Mental health royal commission hearings get underway
Victorians impacted by mental health issues will be the first to tell their stories as public hearings for the Royal Commission into Victoria’s Mental Health System start at the Melbourne Town Hall today.
The royal commission is the “first of its kind in Australia to address our broken mental health system”, the Victorian state government said in a statement.
“It will map out a plan of action that drives major changes to the state’s system to support the Victorians’ with mental illness, including those at risk of suicide.”
The hearings will run from today until 26 July, with around 90 people expected to give evidence, including people living with mental illness and carers, service providers and their workforce, experts and government representatives.
There will also be a dedicated day of rural hearings in Maryborough on 15 July, the government continued, and the commission will consider issues specific to Aboriginal and Torres Strait Island communities at a hearing in Thornbury on 16 July.
More more than $13 million has been put into the establishment of the Royal Commission into Victoria’s Mental Health System and funded an additional $3.5 million through the Victorian budget 2019-20.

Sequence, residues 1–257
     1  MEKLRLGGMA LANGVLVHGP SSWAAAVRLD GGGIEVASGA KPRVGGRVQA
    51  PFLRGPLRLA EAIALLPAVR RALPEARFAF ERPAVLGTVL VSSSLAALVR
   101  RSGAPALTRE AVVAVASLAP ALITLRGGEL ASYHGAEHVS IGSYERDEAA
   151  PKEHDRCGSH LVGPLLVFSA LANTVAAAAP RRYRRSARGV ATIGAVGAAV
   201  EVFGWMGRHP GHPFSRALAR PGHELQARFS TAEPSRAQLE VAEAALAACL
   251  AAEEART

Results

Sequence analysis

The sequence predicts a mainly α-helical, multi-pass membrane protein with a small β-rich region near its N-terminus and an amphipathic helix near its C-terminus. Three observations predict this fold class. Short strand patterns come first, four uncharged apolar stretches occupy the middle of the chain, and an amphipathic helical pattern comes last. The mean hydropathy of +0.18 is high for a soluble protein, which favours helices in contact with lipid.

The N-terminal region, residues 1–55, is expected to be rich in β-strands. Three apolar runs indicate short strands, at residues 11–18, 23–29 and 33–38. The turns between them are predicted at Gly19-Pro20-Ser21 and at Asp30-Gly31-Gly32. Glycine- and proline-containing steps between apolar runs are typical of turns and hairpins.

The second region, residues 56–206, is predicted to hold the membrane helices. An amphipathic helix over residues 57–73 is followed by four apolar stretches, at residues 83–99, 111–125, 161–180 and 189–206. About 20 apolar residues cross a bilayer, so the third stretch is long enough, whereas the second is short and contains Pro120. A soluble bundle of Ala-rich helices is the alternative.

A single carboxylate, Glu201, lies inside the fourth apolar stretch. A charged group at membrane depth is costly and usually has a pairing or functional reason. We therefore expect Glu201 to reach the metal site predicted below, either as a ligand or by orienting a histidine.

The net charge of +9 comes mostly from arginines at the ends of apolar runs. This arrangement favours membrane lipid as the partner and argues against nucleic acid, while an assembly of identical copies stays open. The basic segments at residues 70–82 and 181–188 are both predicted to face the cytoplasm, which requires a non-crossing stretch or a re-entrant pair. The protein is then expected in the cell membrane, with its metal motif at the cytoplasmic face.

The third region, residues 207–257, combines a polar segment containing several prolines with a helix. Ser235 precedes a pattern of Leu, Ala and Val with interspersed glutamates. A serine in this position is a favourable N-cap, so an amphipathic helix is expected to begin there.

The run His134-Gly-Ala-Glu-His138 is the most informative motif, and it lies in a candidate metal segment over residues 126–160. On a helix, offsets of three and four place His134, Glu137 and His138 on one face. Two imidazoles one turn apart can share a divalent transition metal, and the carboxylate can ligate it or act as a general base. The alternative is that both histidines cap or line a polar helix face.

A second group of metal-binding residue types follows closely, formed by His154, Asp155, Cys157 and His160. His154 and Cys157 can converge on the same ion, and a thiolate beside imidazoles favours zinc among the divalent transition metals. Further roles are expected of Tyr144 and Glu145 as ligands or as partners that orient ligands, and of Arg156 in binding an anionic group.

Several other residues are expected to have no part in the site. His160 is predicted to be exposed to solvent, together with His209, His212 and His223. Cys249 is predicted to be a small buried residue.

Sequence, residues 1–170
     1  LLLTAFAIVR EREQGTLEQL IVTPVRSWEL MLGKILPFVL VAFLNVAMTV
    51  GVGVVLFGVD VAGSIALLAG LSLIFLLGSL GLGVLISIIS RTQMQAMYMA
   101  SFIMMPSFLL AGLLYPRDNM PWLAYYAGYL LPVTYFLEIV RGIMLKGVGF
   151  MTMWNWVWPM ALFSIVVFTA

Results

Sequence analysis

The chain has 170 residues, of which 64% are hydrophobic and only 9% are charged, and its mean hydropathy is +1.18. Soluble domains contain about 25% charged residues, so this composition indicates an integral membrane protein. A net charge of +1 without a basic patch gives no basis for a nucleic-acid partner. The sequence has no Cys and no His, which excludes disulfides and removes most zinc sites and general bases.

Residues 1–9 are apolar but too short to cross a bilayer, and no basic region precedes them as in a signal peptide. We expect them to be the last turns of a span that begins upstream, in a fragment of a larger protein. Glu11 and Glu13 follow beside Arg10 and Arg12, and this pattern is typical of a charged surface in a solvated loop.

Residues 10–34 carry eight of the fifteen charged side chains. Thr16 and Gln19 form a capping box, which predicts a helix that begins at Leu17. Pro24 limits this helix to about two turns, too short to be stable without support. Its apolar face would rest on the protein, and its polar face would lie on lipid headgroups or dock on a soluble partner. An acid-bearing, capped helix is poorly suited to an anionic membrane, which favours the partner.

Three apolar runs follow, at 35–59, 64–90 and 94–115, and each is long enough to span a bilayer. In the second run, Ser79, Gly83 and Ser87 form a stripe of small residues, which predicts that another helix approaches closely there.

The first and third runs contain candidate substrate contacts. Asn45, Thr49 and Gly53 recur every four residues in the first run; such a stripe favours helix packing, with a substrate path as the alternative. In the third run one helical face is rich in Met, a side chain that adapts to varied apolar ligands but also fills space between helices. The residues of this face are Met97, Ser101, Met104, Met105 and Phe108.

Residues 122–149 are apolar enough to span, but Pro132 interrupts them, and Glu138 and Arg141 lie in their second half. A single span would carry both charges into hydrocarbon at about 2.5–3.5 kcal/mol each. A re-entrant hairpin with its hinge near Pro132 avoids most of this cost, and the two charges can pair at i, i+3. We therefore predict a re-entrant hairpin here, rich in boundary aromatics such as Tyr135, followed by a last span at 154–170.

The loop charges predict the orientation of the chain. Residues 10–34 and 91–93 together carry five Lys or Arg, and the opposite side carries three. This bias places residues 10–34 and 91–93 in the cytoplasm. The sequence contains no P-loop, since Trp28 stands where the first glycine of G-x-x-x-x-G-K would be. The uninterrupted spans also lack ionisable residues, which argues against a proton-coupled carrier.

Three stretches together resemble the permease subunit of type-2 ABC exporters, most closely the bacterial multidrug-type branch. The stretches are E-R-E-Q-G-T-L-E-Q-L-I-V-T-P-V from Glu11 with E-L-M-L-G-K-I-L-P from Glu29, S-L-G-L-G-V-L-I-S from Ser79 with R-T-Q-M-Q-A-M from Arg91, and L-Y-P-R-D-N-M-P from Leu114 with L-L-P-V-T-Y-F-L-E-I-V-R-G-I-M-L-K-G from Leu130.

The Labor government has pledged to implement all the royal commission’s recommendations.
Minister for Mental Health Martin Foley said: “We’ve established the royal commission because we know the system is broken.”
“The powerful stories we will hear during these hearings will help drive change, so we can make sure people get the services they need, when they need them.”
“Every year, one in five Victorians experience mental illness. This royal commission is a once in a lifetime opportunity to remove stigma and improve supports for Victorians experiencing poor mental health.”
Jerome Doraisamy is a senior writer for Lawyers Weekly and Wellness Daily at Momentum Media.
Before joining the team in early 2018, Jerome is admitted as a solicitor in New South Wales and, prior to joining the team in early 2018, he worked in both commercial and governmental legal roles and has worked as a public speaker and consultant to law firms, universities and high schools across the country and internationally. He is also the author of The Wellness Doctrines self-help book series and is an adjunct lecturer at The University of Western Australia.
Jerome graduated from the University of Technology, Sydney with a Bachelor of Laws and Bachelor of Arts in Communication (Social Inquiry).
You can email Jerome at: [email protected]
“Kindness is the language that the deaf can hear and the blind can see.” – Mark Twain